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Bebop Spoken There

Kasia Delgado: "The naughtiest thing that I did at school was bunk off a maths lesson to practice my saxophone for a jazz band." - (i newspaper October 21, 2021)

The Things They Say!

Hudson Music: Lance's "Bebop Spoken Here" is one of the heaviest and most influential jazz blogs in the UK.

Rupert Burley (Dynamic Agency): "BSH just goes from strength to strength".

'606' Club: "A toast to Lance Liddle of the terrific jazz blog 'Bebop Spoken Here'"

The Strictly Smokin' Big Band included Be Bop Spoken Here (sic) in their 5 Favourite Jazz Blogs.
Ann Braithwaite (Braithwaite & Katz Communications) You’re the BEST! --

Postage

13,822 (and counting) posts since we started blogging 13 years ago. 1239 of them this year alone and, so far, 66 this month (Oct. 18).

From This Moment On ...

October

Wed 20: Vieux Carré Jazzmen @ Cullercoats Crescent Club. 1:00pm.
Wed 20: Darlington Big Band @ Darlington & Simpson Rolling Mills Club, Darlington. 7:00pm. Rehearsal session (open to the public).
Wed 20: Take it to the Bridge @ The Globe, Newcastle. 7:30pm.
Wed 20: Jeremy McMurray & the Jazz Pocket Orchestra @ Middlesbrough Town Hall. 8:00pm.

Thu 21: Vieux Carré Jazzmen @ The Holystone, North Tyneside. 1:00pm.
Thu 21: NUJO Jazz Jam @ Bar Loco, Newcastle. 7:00pm. Newcastle University Jazz Orchestra.
Thu 21: Alter Ego @ St James' & St Basil's Church, Newcastle 7:30pm.
Thu 21: Maine Street Jazzmen @ Sunniside Social Club, Gateshead. 8:30pm.
Thu 21: Tees Hot Club @ Dorman's Club, Middlesbrough. 9:00pm.

Fri 22: Mick Shoulder Quartet @ Lit & Phil, Newcastle. 1:00pm. Quartet featuring Alex Clarke (BBC Young Jazz Musician of the Year finalist).
Fri 22: Classic Swing @ Cullercoats Crescent Club. 1:00pm.
Fri 22: New Orleans Preservation Jazz Band @ Oxbridge Hotel, Stockton. 1:00pm.
Fri 22: Paul Edis Trio w Ruth Lambert @ St Cuthbert's Centre, Crook. 7:30pm.
Fri 22: Michael Feinstein @ Sage Gateshead. 8:00pm.
Fri 22: Peter Morgan Trio @ Prohibition Bar, Newcastle. 8:00pm.

Sat 23: Mary Coughlan @ Gosforth Civic Theatre, Newcastle. 8:00pm.
Sat 23: Têtes de Pois @ The Globe, Newcastle. 8:00pm.

Sun 24 Vieux Carré Hot 4 @ Spanish City, Whitley Bay. 12 noon.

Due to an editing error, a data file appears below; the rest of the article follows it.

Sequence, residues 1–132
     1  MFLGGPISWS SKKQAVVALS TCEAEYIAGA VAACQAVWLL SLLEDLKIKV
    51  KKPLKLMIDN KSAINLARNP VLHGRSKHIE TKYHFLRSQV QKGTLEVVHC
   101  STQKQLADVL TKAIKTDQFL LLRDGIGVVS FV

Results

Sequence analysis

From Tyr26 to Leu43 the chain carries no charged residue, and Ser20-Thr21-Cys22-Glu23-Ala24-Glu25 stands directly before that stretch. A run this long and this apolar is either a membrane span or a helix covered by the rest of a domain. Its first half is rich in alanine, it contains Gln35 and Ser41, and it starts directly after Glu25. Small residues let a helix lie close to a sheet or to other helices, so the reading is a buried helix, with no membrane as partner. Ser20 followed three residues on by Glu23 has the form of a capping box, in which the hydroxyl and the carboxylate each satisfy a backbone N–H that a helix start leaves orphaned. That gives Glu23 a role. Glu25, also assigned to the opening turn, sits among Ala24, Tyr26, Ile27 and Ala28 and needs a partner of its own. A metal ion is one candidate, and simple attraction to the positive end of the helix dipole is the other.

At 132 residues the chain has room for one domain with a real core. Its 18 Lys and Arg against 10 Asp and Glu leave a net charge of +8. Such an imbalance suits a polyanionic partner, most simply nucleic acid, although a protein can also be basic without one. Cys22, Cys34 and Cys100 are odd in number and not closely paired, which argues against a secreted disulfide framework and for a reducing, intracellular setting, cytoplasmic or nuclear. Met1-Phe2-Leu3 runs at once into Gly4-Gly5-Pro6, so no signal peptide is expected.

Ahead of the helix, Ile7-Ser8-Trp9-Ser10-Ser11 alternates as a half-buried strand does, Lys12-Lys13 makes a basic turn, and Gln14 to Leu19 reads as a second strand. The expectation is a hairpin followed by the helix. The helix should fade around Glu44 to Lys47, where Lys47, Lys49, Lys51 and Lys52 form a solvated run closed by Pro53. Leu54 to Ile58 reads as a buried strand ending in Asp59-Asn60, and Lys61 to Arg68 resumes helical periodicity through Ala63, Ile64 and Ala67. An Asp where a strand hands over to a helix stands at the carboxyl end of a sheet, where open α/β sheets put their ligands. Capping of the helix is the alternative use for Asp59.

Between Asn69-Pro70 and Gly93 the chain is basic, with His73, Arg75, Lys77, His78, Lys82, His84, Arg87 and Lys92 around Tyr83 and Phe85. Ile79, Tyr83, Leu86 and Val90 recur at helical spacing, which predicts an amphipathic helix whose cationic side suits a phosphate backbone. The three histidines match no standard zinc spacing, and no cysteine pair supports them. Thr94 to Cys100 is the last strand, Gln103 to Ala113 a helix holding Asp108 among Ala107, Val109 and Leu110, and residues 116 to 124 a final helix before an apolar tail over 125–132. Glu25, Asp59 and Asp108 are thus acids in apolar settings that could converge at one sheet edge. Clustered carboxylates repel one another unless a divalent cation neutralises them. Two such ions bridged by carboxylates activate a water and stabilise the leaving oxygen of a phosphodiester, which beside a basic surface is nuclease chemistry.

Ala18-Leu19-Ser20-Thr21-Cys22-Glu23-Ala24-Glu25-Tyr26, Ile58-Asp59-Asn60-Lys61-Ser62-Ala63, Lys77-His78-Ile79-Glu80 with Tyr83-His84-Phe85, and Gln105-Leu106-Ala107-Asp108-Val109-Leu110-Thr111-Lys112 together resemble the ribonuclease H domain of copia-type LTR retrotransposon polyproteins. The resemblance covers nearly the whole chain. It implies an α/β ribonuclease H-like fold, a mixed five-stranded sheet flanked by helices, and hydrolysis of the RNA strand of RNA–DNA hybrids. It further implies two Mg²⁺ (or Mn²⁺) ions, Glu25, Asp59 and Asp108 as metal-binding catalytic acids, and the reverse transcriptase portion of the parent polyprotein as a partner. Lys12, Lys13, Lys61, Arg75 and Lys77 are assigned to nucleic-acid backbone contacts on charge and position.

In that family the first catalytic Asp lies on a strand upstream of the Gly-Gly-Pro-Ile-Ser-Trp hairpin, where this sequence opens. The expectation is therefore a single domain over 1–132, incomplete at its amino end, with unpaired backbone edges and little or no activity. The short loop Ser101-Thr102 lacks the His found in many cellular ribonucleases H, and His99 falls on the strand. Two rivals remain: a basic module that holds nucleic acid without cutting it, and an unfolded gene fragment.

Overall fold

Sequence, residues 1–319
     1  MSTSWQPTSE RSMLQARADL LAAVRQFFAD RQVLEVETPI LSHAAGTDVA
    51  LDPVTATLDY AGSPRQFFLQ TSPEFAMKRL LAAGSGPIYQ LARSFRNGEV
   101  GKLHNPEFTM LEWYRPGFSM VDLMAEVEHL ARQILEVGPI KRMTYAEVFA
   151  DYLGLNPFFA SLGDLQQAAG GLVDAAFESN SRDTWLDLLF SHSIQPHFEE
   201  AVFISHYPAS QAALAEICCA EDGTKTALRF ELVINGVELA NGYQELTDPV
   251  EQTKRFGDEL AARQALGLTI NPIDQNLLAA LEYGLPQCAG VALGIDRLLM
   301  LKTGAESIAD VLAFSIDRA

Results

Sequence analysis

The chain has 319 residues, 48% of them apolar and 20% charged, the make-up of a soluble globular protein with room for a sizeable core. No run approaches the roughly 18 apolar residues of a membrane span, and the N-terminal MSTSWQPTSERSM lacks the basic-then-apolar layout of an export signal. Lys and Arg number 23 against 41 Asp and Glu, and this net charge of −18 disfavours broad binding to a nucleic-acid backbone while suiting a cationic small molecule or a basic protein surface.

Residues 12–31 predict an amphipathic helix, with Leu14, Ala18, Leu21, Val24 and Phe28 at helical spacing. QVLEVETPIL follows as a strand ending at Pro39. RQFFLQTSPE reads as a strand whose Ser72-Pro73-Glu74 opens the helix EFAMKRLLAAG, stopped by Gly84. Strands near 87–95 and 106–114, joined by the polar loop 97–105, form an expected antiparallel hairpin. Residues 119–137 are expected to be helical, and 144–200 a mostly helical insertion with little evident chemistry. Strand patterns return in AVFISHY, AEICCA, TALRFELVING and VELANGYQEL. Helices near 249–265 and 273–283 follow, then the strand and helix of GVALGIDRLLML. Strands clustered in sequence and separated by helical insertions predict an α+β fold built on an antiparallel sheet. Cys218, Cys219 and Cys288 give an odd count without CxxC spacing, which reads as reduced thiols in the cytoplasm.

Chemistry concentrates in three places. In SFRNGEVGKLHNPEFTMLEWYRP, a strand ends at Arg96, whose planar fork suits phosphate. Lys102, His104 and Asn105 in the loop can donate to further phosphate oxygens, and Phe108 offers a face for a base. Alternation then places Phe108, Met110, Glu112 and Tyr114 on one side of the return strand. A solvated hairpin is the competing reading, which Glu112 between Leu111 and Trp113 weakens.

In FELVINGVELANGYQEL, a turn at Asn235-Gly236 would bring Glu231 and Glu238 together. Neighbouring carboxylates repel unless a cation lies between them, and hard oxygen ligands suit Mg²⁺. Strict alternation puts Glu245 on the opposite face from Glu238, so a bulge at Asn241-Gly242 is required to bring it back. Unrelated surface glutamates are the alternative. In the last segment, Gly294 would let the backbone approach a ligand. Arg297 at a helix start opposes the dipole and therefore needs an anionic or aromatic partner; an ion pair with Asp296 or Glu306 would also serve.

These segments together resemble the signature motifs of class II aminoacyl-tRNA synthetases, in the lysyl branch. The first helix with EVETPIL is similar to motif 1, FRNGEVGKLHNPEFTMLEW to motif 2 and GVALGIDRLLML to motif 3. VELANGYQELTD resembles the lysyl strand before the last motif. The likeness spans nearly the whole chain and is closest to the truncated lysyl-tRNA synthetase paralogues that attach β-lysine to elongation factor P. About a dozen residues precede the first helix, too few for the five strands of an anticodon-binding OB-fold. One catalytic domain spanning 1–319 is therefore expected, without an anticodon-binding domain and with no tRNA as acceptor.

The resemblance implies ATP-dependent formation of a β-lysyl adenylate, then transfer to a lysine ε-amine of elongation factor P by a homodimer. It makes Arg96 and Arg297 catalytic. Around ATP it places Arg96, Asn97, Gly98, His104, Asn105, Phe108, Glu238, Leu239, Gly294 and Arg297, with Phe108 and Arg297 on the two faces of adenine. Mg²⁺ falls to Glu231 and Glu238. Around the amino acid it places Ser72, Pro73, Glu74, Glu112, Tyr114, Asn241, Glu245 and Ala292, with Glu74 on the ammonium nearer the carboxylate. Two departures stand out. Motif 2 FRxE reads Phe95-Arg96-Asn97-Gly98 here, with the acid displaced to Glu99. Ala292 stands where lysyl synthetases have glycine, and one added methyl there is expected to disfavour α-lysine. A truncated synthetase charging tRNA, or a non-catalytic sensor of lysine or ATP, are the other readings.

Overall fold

Sun 24: Musicians Unlimited @ South Durham Social Club, Hartlepool. 1:00pm.
Sun 24: Voices of Virtue Gospel Choir @ The Globe, Newcastle. 4:00pm.
Sun 24: Milne Glendinning Band @ The Globe, Newcastle. 8:00pm.

Mon 25: Jazz in the Afternoon @ Cullercoats Crescent Club. 1:00pm.

Tue 26: Classic Swing @ Ship inn, Monkseaton. 1:00pm. The post-lockdown resumption of the band’s weekly residency will be fortnightly until further notice.
Tue 26: Jam session @ Black Swan, Newcastle Arts Centre. 8:00pm. The post-lockdown resumption of the Black Swan’s fortnightly jam session.

Wed 27: Vieux Carré Jazzmen @ Cullercoats Crescent Club. 1:00pm.
Wed 27: Darlington Big Band @ Darlington & Simpson Rolling Mills Club, Darlington. 7:00pm. Rehearsal session (open to the public).
Wed 27: Take it to the Bridge @ The Globe, Newcastle. 7:30pm.

Sunday, April 28, 2019

John McLaughlin and the 4th Dimension @ the Barbican, London – April 23.

John McLaughlin (guitar, vocals); Gary Husband (keyboards, drums, vocals); Etienne M'bappe (bass, vocals); Ranjit Barot (drums, vocals).
(Review by Steve T)

The person who introduced the show observed that you can punctuate your life via the different phases of John McLaughlin. My own experience of the uber guitarist has been more intermittent, with my first in ‘73, two in the mid-nineties and three in the last four years.

I thought we might get some more Mahavishnu Orchestra and they opened with Trilogy, the long piece from Between Nothingness and Eternity (1973), with some added konnakol singing from Ranjit Barot, variously described as Indian scat singing and Indian drum language.

Thereafter, the set was drawn from across his long career, including Love and Understanding from Electric Dreams (1979) and Pharoah Saunder's The Creator Has a Masterplan, which he originally covered on the album he shared with Carlos Santana (also ‘73).
Most of the rest was perfectly enjoyable but, as with much post-seventies fusion, tended to blend into each other, despite inspired musicianship by all concerned. This more or less culminated in the inevitable drawn-out drum duel between Barot and Husband, some more konnakol breaking it up.

After the golden age of rock concerts, drum solos more or less fell out of favour and, while I welcome their recent return, I prefer the concise variety.

A welcome encore but a disappointment that he didn't dip back into the Mahavishnu catalogue, choosing something written by Husband he described, rather dubiously, as rock and roll.

They received an appropriate level of adulation from an ever so nearly sell-out Barbican. At seventy-seven, he's still mighty impressive, though noticeably less so than four years ago or eighteen months ago, which was precisely the motivation for the trip. A final homage to an extraordinary musician and artist who had a massive impact on me all those years ago.

I won't be travelling any distance to see this band again, but don't bet against future collaborations with old sparring partners, including Zakir Hussain, Chick Corea, Jean Luc Ponty, Al DeMiola, Santana, Kenny Garrett, Trilok Gurtu, Stanley Clarke, Joey De Francesco, Christian McBride, L Shankar, Narada Michael Walden, Dave Holland, Billy Cobham, Jan Hammer, Rick Laird, Jerry Goodman etc etc ad infinitum.    
Steve T.

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